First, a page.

Thousands participate in the Women's march, while LGBTIQ group loses observer status with the ACHPR

Peaceful Assembly

On 1st August 2018, thousands of women thronged the streets across different cities to march against gender-based violence. The march which was dubbed #totalshutdown called for a complete shutdown of all economic activity across the country.

The month of August is commemorated as the women’s month in South Africa, where issues such as gender-based violence are highlighted.

Soon after the march, on 6th August, the conveners were charged for alleged offences relating to the march. Specifically, they were charged with violating the permit, intimidating the president and violence at the Union Buildings. The protestors had convened at the union buildings, where the offices of the President of South Africa are housed, to deliver a memorandum of demands to the president. However, the South African Police Service later issued a statement saying that the charges against the conveners had all been dropped.

According to the Gatherings Act of 1993, in addition to issuing a notice to protest to authorities, convening a protest at the union buildings requires protest conveners to also secure permission from the director-general of the presidency. Civil society organisations such as Right2Know have criticized these additional requirements as restrictions on the right to free assembly as they expect protestors to seek permission from the same institutions they are demonstrating against.

In other developments, on 20th April, chaos erupted in North West province as police and protestors clashed during protests. The demonstrations, were held to demand jobs, housing and an end to corruption. Clashes ensued when the police used teargas and rubber bullets to disperse crowds of protestors who stoned vehicles and blocked roads with burning tyres. Shops were also looted, and vehicles set ablaze. At least 9 protestors were arrested during the protests.

South African President Cyril Ramaphosa, who was away in London attending the Commonwealth summit, cut short his trip to deal with the violent protests. These were the worst protests the country has seen since the president assumed office in December 2017. He called on the public to remain calm and asked the security forces to exercise restraint.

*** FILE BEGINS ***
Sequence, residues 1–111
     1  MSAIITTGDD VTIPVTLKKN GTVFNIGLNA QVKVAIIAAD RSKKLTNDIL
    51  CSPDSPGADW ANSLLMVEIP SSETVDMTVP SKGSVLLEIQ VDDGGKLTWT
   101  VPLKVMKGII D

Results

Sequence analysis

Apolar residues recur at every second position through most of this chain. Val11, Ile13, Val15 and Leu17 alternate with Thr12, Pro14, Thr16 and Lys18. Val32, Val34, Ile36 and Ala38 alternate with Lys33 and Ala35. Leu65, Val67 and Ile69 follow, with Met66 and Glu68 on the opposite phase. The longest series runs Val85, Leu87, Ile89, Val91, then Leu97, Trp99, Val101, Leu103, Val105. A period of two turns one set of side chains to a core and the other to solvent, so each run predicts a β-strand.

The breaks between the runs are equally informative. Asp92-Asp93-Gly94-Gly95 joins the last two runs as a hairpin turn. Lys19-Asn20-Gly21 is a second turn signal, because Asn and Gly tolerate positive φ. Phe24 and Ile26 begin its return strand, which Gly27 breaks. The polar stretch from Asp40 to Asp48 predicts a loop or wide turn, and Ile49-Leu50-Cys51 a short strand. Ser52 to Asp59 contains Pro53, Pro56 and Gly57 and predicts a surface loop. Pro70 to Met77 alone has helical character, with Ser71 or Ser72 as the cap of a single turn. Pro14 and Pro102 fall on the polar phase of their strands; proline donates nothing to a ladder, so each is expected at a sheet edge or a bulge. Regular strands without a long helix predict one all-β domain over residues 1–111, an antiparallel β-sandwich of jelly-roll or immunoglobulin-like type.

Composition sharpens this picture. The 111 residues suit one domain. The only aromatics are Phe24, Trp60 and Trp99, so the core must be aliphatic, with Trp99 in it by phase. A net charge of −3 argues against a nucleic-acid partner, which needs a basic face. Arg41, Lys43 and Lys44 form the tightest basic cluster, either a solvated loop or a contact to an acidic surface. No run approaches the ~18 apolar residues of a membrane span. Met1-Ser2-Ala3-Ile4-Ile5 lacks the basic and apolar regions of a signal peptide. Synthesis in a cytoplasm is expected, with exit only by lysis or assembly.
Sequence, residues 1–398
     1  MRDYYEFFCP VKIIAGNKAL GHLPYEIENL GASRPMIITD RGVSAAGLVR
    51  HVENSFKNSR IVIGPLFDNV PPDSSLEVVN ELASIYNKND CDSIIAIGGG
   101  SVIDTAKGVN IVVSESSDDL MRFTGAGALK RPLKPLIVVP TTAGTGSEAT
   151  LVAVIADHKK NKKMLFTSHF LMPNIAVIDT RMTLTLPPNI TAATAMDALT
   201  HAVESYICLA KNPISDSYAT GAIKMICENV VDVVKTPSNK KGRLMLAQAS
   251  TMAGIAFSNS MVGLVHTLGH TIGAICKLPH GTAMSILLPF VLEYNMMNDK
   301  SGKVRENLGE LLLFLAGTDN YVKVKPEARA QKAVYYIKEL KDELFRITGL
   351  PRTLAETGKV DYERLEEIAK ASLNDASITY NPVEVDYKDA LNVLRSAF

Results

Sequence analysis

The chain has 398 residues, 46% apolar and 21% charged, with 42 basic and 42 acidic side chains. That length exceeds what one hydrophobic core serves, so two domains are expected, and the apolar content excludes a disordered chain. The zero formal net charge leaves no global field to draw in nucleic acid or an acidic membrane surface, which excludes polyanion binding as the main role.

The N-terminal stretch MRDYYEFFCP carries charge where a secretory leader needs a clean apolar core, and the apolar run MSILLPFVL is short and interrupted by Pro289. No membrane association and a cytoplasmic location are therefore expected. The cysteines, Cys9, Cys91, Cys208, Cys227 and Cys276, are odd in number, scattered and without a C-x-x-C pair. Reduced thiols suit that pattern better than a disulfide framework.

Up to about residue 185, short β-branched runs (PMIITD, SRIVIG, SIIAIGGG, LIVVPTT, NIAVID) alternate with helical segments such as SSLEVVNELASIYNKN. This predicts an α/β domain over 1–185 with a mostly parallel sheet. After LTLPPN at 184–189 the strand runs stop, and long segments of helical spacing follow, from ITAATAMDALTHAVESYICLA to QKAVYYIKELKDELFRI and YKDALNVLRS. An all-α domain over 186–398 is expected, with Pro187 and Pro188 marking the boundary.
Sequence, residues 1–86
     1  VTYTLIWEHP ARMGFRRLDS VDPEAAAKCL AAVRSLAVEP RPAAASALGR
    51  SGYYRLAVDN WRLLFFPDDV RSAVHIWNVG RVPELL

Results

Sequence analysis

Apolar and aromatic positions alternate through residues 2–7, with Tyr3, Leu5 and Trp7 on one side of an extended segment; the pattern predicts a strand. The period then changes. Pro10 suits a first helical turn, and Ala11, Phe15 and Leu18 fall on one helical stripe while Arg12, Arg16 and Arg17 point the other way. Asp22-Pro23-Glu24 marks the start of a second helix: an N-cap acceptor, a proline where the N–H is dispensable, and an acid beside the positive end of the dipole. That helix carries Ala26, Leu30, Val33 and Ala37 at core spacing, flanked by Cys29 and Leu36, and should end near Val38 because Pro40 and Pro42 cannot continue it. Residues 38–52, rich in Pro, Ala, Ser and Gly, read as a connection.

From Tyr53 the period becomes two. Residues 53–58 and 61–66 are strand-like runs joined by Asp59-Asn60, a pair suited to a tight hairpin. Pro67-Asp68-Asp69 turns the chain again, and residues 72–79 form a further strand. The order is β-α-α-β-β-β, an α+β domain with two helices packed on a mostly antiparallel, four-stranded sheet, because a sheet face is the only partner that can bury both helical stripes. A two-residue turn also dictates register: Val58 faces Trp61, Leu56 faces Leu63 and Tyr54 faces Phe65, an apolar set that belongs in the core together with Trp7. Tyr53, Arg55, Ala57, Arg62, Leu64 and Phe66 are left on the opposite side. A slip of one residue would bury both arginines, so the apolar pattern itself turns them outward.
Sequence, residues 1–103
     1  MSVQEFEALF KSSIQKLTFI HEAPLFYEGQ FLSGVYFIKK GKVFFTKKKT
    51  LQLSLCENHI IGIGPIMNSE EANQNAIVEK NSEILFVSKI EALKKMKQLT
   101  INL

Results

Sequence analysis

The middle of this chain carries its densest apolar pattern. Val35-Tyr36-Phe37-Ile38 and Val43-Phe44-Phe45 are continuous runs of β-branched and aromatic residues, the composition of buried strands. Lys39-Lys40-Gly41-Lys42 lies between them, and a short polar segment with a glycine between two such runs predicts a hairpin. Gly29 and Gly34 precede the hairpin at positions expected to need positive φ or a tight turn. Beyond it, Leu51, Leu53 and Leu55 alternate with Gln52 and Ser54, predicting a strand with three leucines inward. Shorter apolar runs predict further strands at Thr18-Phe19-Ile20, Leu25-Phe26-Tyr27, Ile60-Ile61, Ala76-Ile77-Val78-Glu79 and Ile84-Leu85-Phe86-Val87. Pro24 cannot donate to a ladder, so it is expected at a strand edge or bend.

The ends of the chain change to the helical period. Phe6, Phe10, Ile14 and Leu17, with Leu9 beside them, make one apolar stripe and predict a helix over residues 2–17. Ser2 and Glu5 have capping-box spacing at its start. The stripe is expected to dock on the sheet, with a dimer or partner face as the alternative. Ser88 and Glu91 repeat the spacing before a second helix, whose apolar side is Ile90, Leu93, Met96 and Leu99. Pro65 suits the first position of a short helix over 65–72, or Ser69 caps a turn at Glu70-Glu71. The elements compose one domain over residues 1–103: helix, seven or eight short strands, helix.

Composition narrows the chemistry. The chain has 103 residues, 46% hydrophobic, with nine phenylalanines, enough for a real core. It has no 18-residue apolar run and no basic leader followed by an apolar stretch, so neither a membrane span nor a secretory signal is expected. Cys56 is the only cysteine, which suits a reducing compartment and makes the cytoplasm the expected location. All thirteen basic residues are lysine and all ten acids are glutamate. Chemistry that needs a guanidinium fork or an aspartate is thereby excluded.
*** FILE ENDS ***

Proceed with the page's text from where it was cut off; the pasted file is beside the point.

On 20th April, bus workers entered into a nationwide strike to demand pay increments. Over 17000 workers participated in the three week strike that left thousands of passengers stranded. Among the unions’ demands were a pay rise of 12% and a minimum wage of 8000 ZAR ($540). On 15th May, however, services resumed after the unions and employers finally reached an agreement, after several failed attempted negotiations. 

On 1st May 2018, the Congress Of South African Trade Unions (COSATU) held a march in Cape town to demand accountability on a number of issues. Walking down the streets of Cape Town, the protestors made a first stop at the headquarters of the Passenger Rail Agency of South Africa (PRASA) where they read out a memorandum demanding safer public transportation, reliable transportation services, and the reinstatement of the bus systems. The march then continued and made a final stop outside Parliament buildings where speakers from COSATU read out a memorandum demanding an end to corruption by government and improved workers’ rights including adoption of a minimum wage.

On 2nd May 2018, about 50 members of the Social Justice Coalition gathered at the Cape Town Civic Centre with mattresses, braving the winter rain to protest what they call the illegal evictions in the Kraaifontein and Khayelitsha areas. The protest followed legal actions that had recently been initiated against the city of Cape Town. On 11th April, 217 former residents of Island Informal Settlement in Makhaza, Khayelitsha, with support from Social Justice Coalition (SJC), filed a court application against the City of Cape Town, seeking to challenge the evictions that had been undertaken in the settlement between 3rd March and 3rd April 2018.

On 25th May 2018, a community group, Marikana Youth Development (MYD) finally reached a mutual agreement with the police which enabled the community to hold a peaceful protest against Tharisa Mine company. The community had tried several times to hold peaceful protests, but had faced restrictions from the company and the authorities. It is alleged that the management has been using a court order that was issued in 2017 barring four members of the group from undertaking protests for supposedly being violent. However, the authorities and the management have been using this order to apply to MYD as a whole

Reports related to this incident indicate that workers in small mining towns such as Limpopo, North West, Mpumalanga, Free State and Northern Cape faced restrictions on their right to peaceful assembly from state authorities, their employers and the municipalities. 

Association

In July 2018, at the African Union Summit, the Executive Council adopted a binding decision that severely weakens the African Commission on Human and People’s rights (ACHPR), and by extension, severely restricts access for civil society to the ACHPR.